The idea of take-off has a relevance to the problems of industrialisation, in UDCs.
According to Prof A, K. Das Gupta, “The term lacks precision and yet it is suggestive and can be given interpretation which is useful for an understanding of the process of the economic development of an UDC.
It is indeed the vagueness of the term that gives it strength, for one can put an interpretation upon it to suit the conditions of the economy in which one is interested.”
Of the three necessary conditions for take off, the first two, namely capital formation over 10 per cent of national income and the development of one or more leading sectors, are helpful in the process of industrialisation of backward countries. So far as the first condition is concerned, there can be little doubt about achieving that percentage. But the second condition can be molded to suit a country’s environments.
The last condition is more important in the context of UDCs where monetary and political institutions and skills and technology are at a low level whereby they retard the expansion of the modern sector. Prof Higgins remark? The usefulness of Take off stage of poor countries.
“It is with both the problems and cyclical movements of national income in such growing economies in the fourth stage that the bulk of modern theoretical economies is concerned. The students of the contemporary UDC are more likely to be concerned with the economies of first three stages. If we are to have a useful and adequate theory of economic growth, it must obviously be comprehensive enough to embrace these three stages as well, especially the economies of take off. Thus, the concept of take-off is more suitable for the industrialization of poor countries.”
The concept of take-off, no doubt, carries a wide acceptance among UDCs, yet it is a dangerous weapon. It has to be used with care by the planners of poor countries.
There are certain limitations which do not allow the concept to work properly, which are stated as under:
(а) Capital Output Ratio not Constant:
While calculating the capital requirement for take-off period, Rostow assumes capital output ratio as fixed. This implies constant returns to scale. This assumption is valid in case of advanced economies. But UDCs are characterised by the predominance of agriculture and primary production. Thus, the planner of UDCs cannot rely upon constant capital output ratio for the calculation of capital requirement for take-off
(b) It Ignored the Removal of Unemployment:
The concept of take-off has been criticized on the ground that is does not consider the problem of unemployment at all. Most of the UDCs are faced with the problem of unemployment. The concept of take-off is of little utility to UDCs as it fails to consider the urgent problem like that of unemployment. Prof. A.K. Dass Gupta is of the opinion that the elimination of unemployment should be one of the conditions of take-off.
Unless the problem of unemployment is tackled effectively, the higher level of investment will not generate the momentum for the self generating growth in an economy. Once full employment is secured, the economy is raised to a level where growth is self-sustained and spontaneous. Therefore, it is imperative for the over populated country to have elimination of unemployment as one of the conditions for take-off.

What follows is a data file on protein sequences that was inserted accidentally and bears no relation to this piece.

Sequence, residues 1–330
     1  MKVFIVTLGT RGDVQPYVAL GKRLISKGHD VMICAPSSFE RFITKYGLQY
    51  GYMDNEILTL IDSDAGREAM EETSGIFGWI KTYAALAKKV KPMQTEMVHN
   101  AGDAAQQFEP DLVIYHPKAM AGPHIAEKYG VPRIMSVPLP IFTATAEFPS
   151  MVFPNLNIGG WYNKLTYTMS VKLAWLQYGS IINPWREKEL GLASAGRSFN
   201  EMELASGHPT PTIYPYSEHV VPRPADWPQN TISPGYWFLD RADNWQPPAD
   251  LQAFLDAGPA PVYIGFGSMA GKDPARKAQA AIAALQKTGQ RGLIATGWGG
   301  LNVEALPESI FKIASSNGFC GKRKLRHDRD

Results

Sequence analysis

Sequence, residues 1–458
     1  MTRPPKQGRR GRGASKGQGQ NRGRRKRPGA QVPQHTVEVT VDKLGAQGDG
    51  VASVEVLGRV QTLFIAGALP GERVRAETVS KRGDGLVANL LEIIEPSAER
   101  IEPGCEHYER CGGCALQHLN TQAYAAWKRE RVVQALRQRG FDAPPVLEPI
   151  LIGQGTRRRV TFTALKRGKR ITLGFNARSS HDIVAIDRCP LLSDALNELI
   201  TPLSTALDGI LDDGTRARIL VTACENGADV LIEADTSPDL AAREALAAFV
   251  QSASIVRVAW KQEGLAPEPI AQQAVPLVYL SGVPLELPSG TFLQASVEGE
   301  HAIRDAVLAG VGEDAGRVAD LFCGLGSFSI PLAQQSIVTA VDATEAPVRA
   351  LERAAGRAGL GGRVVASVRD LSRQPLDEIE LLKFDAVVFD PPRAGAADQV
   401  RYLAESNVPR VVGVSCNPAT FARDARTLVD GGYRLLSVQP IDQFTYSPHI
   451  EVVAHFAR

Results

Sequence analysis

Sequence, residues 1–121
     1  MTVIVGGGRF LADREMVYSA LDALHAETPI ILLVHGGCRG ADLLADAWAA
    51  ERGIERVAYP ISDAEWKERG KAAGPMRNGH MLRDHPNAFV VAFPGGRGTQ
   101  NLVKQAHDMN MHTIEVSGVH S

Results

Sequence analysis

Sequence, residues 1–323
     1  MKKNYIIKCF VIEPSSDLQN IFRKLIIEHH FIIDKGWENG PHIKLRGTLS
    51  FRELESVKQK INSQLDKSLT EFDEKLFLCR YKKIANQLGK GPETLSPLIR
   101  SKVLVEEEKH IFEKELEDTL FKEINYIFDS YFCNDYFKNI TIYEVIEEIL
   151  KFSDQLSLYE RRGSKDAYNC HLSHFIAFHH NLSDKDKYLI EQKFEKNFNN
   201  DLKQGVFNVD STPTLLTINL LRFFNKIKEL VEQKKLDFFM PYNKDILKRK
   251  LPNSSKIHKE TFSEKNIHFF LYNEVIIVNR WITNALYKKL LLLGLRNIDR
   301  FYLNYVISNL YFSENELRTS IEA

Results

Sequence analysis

(c) Economic Development not Spontaneous:
The concept of take-off suggests an element of spontaneity which is of little significance in the context of UDCs. But according to Prof. Lewis, “a take-off is not an instantaneous process. It is an exercise that requires time and from which, after a certain speed has been attained and a portion of the runway used up, there is no turning or even safe throttling down.”
(d) Aeronautical concept not Correct:
Prof. Bicanic, does not agree with the symbolical presentation of the take-off as it appears to him like a light flying animal just got at off from the earth and floating in the air. In fact, it is like creeping over a very difficult threshold of economic development. One has to creep it, one can’t fly over it. It is not a take-off but a very painful process which every UDCs has to go through.
(e) Removal of Obstacles not discussed:
The concept of take-off suggests the conditions for accelerating the pace of development, but fails to throw light for the removal of certain obstacles faced by UDCs. In initial stages of economic development, certain inhibiting factors also appear in the underdeveloped economies. Unless these obstacles are removed, the development could not be a smooth process. The take-off is silent about these problems of development.
(f) Element of Ambiguity:
Another limitation of the concept that there is an element of ambiguity in this concept of take-off when applied to UDCs. During the take-off investment increases with a rise in the national income without reducing average propensity to consume.
In a technical speaking sense, there is an “excess of the marginal rate of saving over the average rate of saving, so that the average rate keeps on rising…. the final level is characterised in this manner by a constant, though high, average rate of savings.” Prof. A.K. Dass Gupta, puts it “This does not seem to be a sensible interpretation for even a highly developed economy where the average rate of saving may not remain constant.”